PMS Gone Wild: When It Might Be Time to See Your Doctor

woman with pms

We laugh about PMS-ing with our friends and roll our eyes when guys try to crack jokes, but truthfully speaking, PMS is one of the most irritating experiences we encounter as women. PMS, or Premenstrual Syndrome, is linked to a woman's menstrual cycle and usually hits about 1 or 2 weeks before we get our period. According to the Office on Women's Health, at least 85% of women experience 1 or more symptoms of PMS each month. Symptoms can be painful, vexing and just downright annoying.

However, when those symptoms become unbearable or begin to affect your daily routine, you may be suffering from a more serious condition known as Premenstrual Dysphoric Disorder (PMDD). Around 3% to 8% of women develop these more severe PMS-type symptoms prior to their period. Below are some of the common symptoms associated with both PMS and PMDD. If you are exhibiting 5 or more symptoms of PMDD, it might be time to give your doctor a call.

talking to doctor

Causes: While there is not one known cause of PMS, many professionals agree that it could be due to changes in hormone levels, or a chemical change in the brain. While stress, depression and emotional problems can enhance the symptoms of PMS, they are not generally accepted as the cause. Other perspective causes may include: low levels of vitamins, the consumption of too much salty food (which makes you retain fluid and gives you that bloated feeling) and drinks that contain alcohol or caffeine, which tend to alter our moods and energy levels.

Symptoms: There is a wide variety of symptoms that relate to PMS. Some of these include: acne, swollen or tender breasts, fatigue, bloated stomach, irritability and mood swings. For a more comprehensive list of PMS symptoms, check out the Office on Women's Health.

The symptoms for PMDD tend to be more serious or painful than the symptoms of PMS. For instance, women with PMDD often suffer from feelings of sadness, despair, or even suicide. Panic attacks, mood swings, frequent crying and lasting anger or irritability are also common signs. For a more complete list of PMDD symptoms, click here to be taken to the Office on Women's Health website.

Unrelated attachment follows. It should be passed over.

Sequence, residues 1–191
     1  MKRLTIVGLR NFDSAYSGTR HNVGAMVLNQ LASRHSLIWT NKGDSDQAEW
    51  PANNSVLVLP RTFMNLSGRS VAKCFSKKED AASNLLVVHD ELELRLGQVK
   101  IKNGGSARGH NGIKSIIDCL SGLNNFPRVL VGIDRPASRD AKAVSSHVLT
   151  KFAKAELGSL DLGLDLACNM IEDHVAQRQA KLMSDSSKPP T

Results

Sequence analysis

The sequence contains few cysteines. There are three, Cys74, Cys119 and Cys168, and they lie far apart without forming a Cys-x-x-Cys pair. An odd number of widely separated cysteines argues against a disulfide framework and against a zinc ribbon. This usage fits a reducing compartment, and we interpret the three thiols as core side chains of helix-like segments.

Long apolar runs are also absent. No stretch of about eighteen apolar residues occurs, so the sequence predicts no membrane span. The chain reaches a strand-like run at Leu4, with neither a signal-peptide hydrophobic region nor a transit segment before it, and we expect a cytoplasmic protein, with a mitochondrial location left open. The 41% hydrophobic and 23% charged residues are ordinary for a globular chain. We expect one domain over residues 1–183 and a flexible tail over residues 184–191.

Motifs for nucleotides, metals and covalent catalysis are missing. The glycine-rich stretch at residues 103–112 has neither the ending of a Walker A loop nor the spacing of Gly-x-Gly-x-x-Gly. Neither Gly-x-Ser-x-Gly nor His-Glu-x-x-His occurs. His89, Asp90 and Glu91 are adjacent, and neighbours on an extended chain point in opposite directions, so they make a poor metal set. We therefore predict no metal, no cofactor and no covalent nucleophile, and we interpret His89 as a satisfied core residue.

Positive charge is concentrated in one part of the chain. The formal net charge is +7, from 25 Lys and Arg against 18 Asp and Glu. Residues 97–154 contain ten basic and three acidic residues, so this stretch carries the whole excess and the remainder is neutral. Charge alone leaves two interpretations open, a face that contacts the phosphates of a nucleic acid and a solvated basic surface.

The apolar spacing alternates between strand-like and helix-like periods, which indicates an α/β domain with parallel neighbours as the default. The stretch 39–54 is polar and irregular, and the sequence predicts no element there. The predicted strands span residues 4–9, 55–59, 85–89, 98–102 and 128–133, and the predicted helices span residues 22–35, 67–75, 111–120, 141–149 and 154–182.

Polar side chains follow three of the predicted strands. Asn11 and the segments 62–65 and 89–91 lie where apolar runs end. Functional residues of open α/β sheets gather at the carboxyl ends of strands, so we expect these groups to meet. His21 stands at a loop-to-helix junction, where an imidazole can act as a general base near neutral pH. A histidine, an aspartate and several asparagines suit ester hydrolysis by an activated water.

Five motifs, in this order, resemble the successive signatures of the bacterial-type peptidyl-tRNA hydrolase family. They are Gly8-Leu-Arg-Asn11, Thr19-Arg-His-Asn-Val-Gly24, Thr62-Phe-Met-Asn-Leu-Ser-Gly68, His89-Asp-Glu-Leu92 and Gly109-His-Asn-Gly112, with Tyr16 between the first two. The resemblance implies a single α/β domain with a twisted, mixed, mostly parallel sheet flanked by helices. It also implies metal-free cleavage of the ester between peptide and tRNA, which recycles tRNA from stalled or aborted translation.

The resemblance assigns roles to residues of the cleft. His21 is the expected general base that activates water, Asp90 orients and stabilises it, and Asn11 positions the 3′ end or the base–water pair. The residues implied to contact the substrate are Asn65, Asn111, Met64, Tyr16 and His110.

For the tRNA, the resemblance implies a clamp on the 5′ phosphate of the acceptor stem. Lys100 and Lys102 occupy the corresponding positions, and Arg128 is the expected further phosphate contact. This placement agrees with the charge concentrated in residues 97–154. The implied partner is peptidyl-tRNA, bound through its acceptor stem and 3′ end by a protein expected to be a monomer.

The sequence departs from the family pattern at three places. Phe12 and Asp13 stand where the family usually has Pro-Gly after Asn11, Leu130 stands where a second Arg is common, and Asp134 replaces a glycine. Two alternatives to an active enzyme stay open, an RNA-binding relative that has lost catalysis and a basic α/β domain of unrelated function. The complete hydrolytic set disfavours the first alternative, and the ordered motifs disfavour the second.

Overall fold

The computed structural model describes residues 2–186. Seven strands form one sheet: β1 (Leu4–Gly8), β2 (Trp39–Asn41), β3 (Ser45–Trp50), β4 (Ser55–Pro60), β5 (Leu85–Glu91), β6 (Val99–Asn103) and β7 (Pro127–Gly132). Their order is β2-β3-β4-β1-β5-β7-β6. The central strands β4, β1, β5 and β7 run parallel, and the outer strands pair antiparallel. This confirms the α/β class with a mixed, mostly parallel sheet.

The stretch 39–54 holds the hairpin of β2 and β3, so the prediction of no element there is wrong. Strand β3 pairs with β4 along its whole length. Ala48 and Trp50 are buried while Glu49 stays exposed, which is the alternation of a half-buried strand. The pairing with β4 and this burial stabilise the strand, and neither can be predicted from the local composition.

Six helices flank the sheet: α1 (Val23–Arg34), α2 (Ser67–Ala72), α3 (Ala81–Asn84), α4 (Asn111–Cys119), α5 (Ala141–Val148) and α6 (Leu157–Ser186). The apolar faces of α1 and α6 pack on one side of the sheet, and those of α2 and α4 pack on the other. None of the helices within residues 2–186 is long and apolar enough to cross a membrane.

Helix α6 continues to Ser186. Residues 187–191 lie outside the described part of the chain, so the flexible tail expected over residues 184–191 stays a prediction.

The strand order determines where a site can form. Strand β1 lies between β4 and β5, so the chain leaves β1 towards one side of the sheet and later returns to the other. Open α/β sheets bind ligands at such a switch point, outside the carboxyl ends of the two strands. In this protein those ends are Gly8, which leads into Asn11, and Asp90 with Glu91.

bloated woman holding her stomach


Treatments: There are many different treatment options that may work for you, ranging from natural methods to medication:

  • Lifestyle changes: Exercising for at least 30 minutes most days of the week often helps to relieve some of the pressure and pain in the abdomen as well as fatigue. Also, eating a healthy diet free of sugary and salty food, alcohol, and caffeine, getting 8 hours of sleep a night, and finding healthy ways to deal with stress, will go a long way in alleviating your PMS symptoms.
  • Medication: Especially for PMDD, medication may be necessary. If milder medications such as aspirin, ibuprofen, or Naproxen are helping with pain but doing nothing for your mood, you may want to speak with your doctor about antidepressants.
  • Diuretics: Diuretics (or water pills),will help reduce any excessive fluid buildup and go a long way in getting rid of the pre-period bloating.
  • Alternative therapies: Natural medications or remedies such as folic acid, calcium, magnesium and vitamin B6 may help to eliminate symptoms or, at the very least make them more manageable.

Just remember, if your symptoms are veering dangerously close to the symptoms for PMDD, then you should see your doctor as soon as possible. The pain, both emotional and physical, can be treated! For more information on PMS and PMDD, check out these sites: Office on Women's Health, The American College of Obstetricians and Gynecologists